/ Stretch /
Finding yourself exhausted at work? Take a few minutes throughout the day
Try this: Stand in a doorway with your feet several inches apart. Reach out to
the sides of the doorframe and grab with your fingers. Push your chest forward
until you feel a stretch in your torso and back, and hold for 30 seconds. This
stretch stimulates the sympathetic nervous system, energizing your body and
/ Drink Up /
Drinking more water is another simple step to boosting energy. Not only is it
healthy for you in terms of hydrating muscles, consuming less sugar, et cetera, but
did you know that thirst sometimes masquerades as fatigue? Slight dehydration
can leave you feeling tired and lethargic.
If you’re feeling tired, try drinking a tall glass of cool water, especially after
workouts and when you first wake up. Try avoiding alcohol intake, and don’t
believe the hype in energy drinks—they lead to sugar crashes, which can leave
you feeling more fatigued in the end.
/ See Red /
Colors that surround you at home and at the office can also affect your
The color you want to see the most when you’re tired? Red. Seeing red can
give you an energy boost—it makes your muscles move faster and work harder,
according to research from the University of Rochester. Consider a red pullover
for barn chores, red flowers planted around the barn, or a red wall in your
/ Nutrition /
What and when you eat has a big impact on your energy levels. Studies show
that eating breakfast puts you in a better mood and gives you more energy
throughout the day. Lunch gives you a jolt to continue through the workday, and
an early dinner helps you push through to finish your tasks.
While it’s very tempting to hit the candy bowl when you’re tired, this is
actually counterproductive. You’ll get a spike in blood sugar for that initial boost
of energy, but the rapid drop afterward will wipe you out. Adding more whole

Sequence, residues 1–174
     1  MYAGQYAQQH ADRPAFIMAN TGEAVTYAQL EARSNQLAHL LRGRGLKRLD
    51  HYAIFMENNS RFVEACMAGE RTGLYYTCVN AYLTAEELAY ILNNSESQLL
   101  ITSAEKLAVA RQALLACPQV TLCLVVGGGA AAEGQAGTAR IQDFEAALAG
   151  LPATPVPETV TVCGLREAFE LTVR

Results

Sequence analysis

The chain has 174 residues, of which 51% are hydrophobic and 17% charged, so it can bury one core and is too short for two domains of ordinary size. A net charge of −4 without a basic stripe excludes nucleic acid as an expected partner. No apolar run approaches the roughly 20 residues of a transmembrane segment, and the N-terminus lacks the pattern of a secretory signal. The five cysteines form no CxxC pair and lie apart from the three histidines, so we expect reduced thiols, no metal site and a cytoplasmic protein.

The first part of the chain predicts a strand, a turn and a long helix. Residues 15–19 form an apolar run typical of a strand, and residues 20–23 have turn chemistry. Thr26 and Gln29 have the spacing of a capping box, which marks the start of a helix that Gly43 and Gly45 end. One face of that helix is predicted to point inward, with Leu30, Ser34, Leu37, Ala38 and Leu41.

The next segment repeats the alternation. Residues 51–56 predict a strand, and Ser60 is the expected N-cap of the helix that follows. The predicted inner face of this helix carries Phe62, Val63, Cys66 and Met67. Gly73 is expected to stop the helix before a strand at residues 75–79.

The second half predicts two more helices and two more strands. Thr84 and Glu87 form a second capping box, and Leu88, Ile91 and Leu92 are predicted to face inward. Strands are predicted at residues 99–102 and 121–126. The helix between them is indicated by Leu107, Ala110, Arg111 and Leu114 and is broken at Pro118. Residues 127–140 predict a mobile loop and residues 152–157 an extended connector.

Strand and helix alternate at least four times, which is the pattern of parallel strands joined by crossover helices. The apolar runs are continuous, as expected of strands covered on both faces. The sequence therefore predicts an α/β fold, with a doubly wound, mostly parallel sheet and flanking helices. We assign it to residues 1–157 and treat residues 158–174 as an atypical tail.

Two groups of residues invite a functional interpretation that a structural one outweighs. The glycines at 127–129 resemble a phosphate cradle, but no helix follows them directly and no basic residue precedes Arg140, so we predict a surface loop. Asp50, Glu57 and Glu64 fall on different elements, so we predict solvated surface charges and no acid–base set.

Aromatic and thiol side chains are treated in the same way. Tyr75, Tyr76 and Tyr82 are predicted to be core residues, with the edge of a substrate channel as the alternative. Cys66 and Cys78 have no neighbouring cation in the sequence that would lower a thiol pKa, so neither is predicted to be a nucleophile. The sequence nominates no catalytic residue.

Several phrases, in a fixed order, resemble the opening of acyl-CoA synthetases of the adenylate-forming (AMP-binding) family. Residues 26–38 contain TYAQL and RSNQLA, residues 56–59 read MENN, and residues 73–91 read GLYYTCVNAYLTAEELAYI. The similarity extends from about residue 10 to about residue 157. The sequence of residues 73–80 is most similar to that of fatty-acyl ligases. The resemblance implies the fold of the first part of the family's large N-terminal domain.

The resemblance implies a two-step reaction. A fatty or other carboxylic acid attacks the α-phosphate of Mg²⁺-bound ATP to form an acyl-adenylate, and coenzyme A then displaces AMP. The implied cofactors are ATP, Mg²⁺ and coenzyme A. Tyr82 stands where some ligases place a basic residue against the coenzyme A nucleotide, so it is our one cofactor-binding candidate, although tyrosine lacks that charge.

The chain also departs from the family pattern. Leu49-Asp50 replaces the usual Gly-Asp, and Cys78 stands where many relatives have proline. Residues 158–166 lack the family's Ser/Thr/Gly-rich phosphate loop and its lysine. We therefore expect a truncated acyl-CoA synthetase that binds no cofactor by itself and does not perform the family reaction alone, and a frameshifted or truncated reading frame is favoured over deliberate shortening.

grains will help sustain your energy through the day.
Important vitamins and minerals to add to your daily intake include
magnesium (300 mg for women, 350 mg for men), vitamin B, fiber, protein and
omega- 3 fatty acids.
Nuts such as almonds, hazelnuts, and cashews can add magnesium to your
daily diet. Including fish such as salmon can increase the omega- 3 fatty acids for
better mood and brain function. Adding chia seeds to simple recipes provides a
powerful combination of B vitamins, fiber and protein.
Kale is also a great add-on for soups, whole wheat pasta and as a salad. A cup
of kale offers 14 percent of your daily calcium, more than 650 percent of your
daily vitamin A and more than 900 percent of your daily vitamin K. It also offers
more iron per ounce than beef. And it’s easy to add chopped in soups, salads,
pasta and your smoothies.
MEGAN ARSZMAN is a freelance writer based in Indiana, where she’s learning to balance
motherhood with horses, dogs and writing.
/ Sleep /
According to a study by the
University of Georgia in 2006,
approximately 20 percent of adults
worldwide report persistent fatigue.
One of the simpler bits of advice is
/ Activity /
sure to be “get more sleep.”
But sometimes that’s easier said
than done, right? We’d rather use
those extra hours we could be
sleeping to accomplish some sort of
task, at the barn or at home. But the
truth is, you need to get at least seven
hours of sleep every night.
Of course, you need energy in order
to exercise, but doing things like
taking a walk after work and before
doing the chores can help give you
a boost to get through cleaning the
stalls and a ride or two.
Working out in the morning can
help push you through the day, and
practicing yoga can help reduce stress,
which zaps your energy as well.